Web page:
If you have access to loans then houses are cheap. The ratio of house prices to incomes is a popular measure of affordability. Another relevant measure is the ratio of interest cost to capital value. That’s 30 to 50 times. If you can get a loan then a house is cheap.

Getting a loan is not necessarily easy of course. But it’s not difficult for the people who are buying very large quantities of houses. Go to a property auction and see who they are. Many are foreign investors.

  1. There is no shortage of houses if you look at the ONS statistics. There’s roughly a house for every two people in this country. That does not take account of the potential to convert surplus retail and warehouse space in towns.
  2. There is a shortage of social housing. That’s the result of government policy.

GBC’s Local Plan does little to address that. Nor does national policy. Its plain dishonest.

  1. House building is one of the most profitable businesses in the country. It is like shooting fish in a barrel.

Yes, high house prices are “an issue”. But they are not the result of not building enough executive homes. They are the result of the collapse of the banking system in 2008 and the consequential rescue with trillions of new credit.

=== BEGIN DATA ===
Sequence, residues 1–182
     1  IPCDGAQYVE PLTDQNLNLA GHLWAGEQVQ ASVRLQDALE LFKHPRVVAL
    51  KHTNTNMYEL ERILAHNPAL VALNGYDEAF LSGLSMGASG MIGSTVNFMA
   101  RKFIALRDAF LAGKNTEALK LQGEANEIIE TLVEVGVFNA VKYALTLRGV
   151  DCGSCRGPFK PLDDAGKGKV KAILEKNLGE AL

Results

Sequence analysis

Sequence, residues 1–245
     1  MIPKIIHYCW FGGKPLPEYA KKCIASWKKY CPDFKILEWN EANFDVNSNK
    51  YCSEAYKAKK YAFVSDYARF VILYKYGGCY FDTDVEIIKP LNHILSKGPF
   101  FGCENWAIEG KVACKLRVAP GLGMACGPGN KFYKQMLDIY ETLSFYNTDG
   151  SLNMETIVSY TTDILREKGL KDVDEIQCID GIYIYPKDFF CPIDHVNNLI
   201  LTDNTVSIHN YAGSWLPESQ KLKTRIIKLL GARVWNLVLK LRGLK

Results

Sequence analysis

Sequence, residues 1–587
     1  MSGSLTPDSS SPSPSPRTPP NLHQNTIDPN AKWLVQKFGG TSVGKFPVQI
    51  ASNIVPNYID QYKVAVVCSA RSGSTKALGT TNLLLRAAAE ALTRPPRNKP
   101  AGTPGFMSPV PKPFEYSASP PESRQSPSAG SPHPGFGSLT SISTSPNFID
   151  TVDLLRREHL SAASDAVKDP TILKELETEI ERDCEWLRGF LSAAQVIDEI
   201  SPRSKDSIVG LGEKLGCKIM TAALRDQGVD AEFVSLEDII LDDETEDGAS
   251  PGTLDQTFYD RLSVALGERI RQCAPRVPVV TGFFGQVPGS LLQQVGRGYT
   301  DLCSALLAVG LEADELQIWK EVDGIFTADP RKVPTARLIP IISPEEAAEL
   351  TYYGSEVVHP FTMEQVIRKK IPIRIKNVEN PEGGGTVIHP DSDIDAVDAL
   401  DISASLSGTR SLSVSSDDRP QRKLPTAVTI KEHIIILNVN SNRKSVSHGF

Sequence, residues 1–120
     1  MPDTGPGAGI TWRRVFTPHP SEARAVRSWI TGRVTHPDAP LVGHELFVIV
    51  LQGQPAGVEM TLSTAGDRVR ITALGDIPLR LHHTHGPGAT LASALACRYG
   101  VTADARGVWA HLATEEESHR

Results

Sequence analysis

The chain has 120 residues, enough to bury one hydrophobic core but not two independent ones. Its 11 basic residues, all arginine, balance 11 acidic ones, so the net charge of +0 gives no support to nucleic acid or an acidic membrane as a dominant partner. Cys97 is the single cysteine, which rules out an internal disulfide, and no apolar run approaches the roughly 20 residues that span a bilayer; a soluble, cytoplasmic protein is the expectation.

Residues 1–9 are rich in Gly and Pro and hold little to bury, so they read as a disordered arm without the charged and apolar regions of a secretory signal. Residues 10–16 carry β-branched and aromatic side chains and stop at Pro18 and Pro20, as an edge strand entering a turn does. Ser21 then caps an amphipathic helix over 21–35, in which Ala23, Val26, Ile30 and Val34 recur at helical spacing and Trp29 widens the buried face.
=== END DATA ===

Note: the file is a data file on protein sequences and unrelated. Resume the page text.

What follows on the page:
That credit has to go somewhere. Much of it has pushed up house prices. That’s quite rational. Ultimately the creation of money increases the price level. Not immediately or linearly. But ultimately you cannot increase credit without increasing the price level unless productivity rises commensurately. It hasn’t.

To survive the inflation the only protection is to own ‘real’ ie non-financial assets like houses.

Is there a shortage of social housing? Obviously. Does that justify building whole new towns across the country? Obviously not. Just because there’s a shortage of mobility scooters in the car market does not mean that Ford should double production of Ford Mondeos. That just does not solve the problem.

Why is there a shortage of social housing? Because they sell ‘em off every year. There are fewer council houses than ten years ago. Meanwhile, demand increased. And housebuilders don’t build social housing unless they are forced to.

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7 Responses to Opinion: Government Analysis of the Housing Issue is Intellectually Dishonest

  1. A Atkinson Reply